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A critical part of managing cost is to understand how resources are utilized within processes. Managing processes is therefore about optimizing the use of your resources. What we do is help organizations with understanding the cost of sub optimal situations. We do this by using the existing activity based costing model or build one. When we analyze processes we want to know a number of things. Here are a few of them.

Best Practices

When you do something it should be done in the best way. That means that given a certain outcome you look for the best execution. People sometime confuse cost of resources with cost of activities. Let say there is an activity Diagnose patient. Let’s assume that this activity can be done by either a psychiatrist, EUR 120/hr, or a certified nurse, EUR 80/hr. People easily think that the psychiatrist is more expensive. But in practice the opposite might be the case as the psychiatrist might only need 0.5 hr with a total cost of 0.5×120=EU 60 per diagnosis, whereas the nurse needs 1 hour with a total cost of 1×80=EU 80 per diagnosis.


When an organization has an activity or process executed at multiple locations it is very valuable to understand the differences in execution. The cost of non-standardization are in general much higher than just the activity itself. Normally it goes back to the quality of materials used (supplier) but also the option provided to customers to request something different.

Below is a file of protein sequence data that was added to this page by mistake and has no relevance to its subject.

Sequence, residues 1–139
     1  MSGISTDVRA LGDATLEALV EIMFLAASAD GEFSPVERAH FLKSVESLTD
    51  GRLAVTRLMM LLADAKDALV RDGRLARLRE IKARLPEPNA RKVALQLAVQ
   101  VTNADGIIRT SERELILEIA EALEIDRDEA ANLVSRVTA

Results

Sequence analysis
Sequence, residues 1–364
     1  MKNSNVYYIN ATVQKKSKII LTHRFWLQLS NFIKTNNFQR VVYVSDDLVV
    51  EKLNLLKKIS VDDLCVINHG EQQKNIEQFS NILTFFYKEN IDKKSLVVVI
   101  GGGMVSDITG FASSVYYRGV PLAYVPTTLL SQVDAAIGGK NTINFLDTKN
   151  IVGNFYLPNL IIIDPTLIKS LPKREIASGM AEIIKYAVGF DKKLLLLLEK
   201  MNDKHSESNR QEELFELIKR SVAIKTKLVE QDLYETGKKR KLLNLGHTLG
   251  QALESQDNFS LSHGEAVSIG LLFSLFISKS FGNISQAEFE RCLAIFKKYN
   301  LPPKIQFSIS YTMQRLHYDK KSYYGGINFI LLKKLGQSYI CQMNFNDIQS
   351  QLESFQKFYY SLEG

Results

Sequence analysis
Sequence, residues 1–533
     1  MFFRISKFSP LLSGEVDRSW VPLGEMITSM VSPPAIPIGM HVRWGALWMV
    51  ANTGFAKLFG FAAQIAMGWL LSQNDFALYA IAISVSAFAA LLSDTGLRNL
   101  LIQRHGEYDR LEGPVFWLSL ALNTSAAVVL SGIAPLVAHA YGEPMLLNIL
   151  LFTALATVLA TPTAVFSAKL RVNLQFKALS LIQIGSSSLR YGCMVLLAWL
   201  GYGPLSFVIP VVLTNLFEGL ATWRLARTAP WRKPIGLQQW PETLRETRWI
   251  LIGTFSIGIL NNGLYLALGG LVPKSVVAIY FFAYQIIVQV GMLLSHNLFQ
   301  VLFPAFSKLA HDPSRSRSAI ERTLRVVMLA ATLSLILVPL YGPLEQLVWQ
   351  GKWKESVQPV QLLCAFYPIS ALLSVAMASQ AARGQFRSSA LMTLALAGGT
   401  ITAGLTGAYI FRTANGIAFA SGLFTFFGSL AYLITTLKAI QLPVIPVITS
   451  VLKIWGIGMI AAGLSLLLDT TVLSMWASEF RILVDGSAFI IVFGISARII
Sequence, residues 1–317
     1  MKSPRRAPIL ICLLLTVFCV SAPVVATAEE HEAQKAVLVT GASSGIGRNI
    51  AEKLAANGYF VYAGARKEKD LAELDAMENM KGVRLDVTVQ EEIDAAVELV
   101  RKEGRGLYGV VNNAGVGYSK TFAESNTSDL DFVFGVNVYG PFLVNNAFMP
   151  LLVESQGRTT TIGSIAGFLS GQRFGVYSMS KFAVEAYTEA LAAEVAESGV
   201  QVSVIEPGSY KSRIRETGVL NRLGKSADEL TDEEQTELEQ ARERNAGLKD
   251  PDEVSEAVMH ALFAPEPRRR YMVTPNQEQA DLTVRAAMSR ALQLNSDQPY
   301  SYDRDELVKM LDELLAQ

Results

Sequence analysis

Opportunity Cost

Every company and organization deals with opportunity cost. The art is to limit these as much as possible by quantifying and visualizing them. We define opportunity cost as the loss of income due to sub optimal use of resources. You have missed out on the opportunity to earn more. Sometimes it is very obvious. For instance someone makes an appointment with the hairdresser but doesn’t show up and there are no other customers. The capacity of the hairdresser is not utilized and you miss income. Other examples are empty hotel rooms, empty warehouse space, airplane seats that are not sold etc. Opportunity cost are especially high when the non utilized capacity can not be used/sold again. And that is always the case with services that are measured in unit of time. Examples M2/day, room/night, rent/month, x hour meeting. But also a seat on flight YY9999 on day x.

Non Value Added activities

First of all we like to know which activities do not add value, or add very little value, to the process. These are the so called Non Value Added (NVA) activities. You like to eliminate or reduce these activities as much as possible. In most cases this is only possible if some prior activities are executed properly. Or that the activity is (more) automated.

Activities that start with RE

As a general rule of thumb do we focus on activities that start with RE. In general the letters Re in Latin means repetition or again. And that means that normally the the prior time was not good enough. Activities you can think of include Reset, Redo, Reorder, Refresh, Receive, Refer, Remind, etc. Some of them seem obvious some maybe less. Of course there are exceptions to this rule of thumb. For instant activities like Reuse, Recycle, Regenerate.